Energy and communication might seem to be less involved with the state, but their movement occurs on the territory of a state and though its airwaves, and so the state must step in to guarantee their safe use. Particularly in the era of electricity, furthermore, the generation of energy onto electrical grids becomes a monopoly, and thus is privatized only because of an ideological fundamentalism, not because it is more efficient. Most electrical utilities are still public-owned, as they all should be. Not only is the utility a monopoly, but the grid encompasses the whole system, and a failure in one part can bring down the rest. Such a situation means that one institution needs to be able to manage the system as a whole with no margin for error, and that agent can only be the state.

The energy system and transportation system obviously intersect, as in the case of automobiles and gasoline. America is not addicted to oil, as the President declares, it is addicted to the automobiles that need oil. Nobody wants a barrel of oil in their living room, but most people want a car or two in the garage. This creation of an automobile/petroleum system was quite intentional and was aided and abetted by the state. Its continued existence requires the massive intervention of the state, including a huge U.S. military apparatus whose mission, more and more, is to make the world safe for automobiles.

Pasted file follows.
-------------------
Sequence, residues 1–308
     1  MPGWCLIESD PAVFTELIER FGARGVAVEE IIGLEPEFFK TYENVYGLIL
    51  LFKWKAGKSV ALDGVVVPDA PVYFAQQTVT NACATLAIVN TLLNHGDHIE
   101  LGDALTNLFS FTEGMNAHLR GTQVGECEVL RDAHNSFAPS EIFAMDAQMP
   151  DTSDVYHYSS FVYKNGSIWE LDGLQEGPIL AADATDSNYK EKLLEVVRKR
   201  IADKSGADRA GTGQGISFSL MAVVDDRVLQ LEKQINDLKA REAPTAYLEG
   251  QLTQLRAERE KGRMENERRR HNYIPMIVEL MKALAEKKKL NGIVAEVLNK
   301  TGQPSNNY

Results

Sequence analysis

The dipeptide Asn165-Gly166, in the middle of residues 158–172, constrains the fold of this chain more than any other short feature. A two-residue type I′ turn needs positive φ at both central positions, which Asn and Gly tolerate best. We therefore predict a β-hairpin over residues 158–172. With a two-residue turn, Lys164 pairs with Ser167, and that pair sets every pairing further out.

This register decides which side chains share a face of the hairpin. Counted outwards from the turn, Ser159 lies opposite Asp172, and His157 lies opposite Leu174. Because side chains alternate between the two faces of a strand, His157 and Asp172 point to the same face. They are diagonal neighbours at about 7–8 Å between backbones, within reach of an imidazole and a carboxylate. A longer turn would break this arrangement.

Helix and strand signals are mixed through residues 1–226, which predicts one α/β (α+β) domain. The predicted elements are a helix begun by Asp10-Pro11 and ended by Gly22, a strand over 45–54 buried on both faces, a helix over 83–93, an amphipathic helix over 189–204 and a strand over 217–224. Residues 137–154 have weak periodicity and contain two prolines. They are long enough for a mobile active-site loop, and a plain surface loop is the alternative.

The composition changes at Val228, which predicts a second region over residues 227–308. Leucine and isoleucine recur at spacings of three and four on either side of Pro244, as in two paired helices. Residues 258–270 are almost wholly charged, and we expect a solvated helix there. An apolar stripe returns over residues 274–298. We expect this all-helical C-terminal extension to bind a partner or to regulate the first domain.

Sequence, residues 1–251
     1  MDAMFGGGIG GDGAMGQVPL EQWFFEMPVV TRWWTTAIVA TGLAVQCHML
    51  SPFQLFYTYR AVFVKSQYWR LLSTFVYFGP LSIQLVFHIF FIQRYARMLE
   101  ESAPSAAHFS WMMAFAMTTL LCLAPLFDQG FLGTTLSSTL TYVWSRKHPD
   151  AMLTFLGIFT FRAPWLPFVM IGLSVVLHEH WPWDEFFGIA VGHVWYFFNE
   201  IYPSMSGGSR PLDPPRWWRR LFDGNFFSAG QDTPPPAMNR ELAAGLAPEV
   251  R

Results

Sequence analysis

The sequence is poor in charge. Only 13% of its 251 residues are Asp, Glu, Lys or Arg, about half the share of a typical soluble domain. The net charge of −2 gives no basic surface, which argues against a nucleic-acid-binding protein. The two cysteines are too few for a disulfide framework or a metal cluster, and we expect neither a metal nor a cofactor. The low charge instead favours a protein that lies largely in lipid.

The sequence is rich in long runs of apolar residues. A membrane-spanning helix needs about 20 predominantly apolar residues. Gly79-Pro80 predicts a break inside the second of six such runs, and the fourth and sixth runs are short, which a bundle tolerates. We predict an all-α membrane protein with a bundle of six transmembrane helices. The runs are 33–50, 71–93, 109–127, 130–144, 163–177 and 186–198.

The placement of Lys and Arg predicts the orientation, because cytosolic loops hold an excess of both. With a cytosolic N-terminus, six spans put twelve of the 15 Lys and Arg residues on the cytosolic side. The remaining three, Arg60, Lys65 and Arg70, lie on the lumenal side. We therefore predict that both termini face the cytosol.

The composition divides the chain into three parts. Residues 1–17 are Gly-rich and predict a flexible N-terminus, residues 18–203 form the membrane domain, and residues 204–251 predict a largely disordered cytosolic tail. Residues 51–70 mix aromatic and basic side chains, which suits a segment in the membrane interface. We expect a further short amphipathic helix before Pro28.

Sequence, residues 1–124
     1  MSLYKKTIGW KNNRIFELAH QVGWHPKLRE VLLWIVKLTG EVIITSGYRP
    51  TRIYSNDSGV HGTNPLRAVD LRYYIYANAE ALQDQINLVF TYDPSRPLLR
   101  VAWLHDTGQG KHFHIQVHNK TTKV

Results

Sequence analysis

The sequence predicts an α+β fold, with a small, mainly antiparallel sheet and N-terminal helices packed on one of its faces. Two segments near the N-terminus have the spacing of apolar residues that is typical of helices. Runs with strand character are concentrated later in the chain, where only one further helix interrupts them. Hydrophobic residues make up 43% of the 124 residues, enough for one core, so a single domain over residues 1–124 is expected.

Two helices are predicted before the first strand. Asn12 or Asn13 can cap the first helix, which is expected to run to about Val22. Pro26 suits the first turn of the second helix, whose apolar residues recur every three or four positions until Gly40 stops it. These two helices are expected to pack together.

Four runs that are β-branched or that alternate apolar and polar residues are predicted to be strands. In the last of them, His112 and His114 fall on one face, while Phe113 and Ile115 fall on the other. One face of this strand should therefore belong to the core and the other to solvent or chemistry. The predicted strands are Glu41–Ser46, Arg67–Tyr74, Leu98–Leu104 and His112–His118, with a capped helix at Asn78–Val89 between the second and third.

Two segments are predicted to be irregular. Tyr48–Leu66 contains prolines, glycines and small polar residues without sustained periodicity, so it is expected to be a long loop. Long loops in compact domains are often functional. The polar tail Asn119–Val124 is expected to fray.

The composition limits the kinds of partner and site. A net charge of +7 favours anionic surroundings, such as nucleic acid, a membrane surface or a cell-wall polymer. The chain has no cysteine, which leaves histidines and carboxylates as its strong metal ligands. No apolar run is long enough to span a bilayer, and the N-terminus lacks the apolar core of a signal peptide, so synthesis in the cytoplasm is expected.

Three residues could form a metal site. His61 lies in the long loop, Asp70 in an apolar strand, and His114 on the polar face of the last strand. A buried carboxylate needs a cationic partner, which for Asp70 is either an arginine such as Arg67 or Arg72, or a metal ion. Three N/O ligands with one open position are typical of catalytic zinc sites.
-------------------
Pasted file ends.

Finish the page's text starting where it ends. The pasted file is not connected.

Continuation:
There may come a time, which we have probably already reached, when this system is no longer practical. Whether because of the dwindling supply of petroleum, the cost of wars over its control, or the horrors of global warming, a transformation will need to occur, and only the state will be up to the task. One possibility is to convert all coal-powered plants to clean coal technologies that do not generate greenhouse gases, and use this network to power a huge expansion of electrified rail, buses, and small private automobiles. Only the state has the financial and political power to channel what will become, one hopes, a social consensus to move from petroleum to clean electricity for the energy infrastructure, and from large cars to small electric cars,[4] and mass transit, for transportation. Such a transition will be spoken of in hushed tones as “epochal” and “history-turning”, because fundamental changes in the infrastructure create fundamental changes in national and global civilization.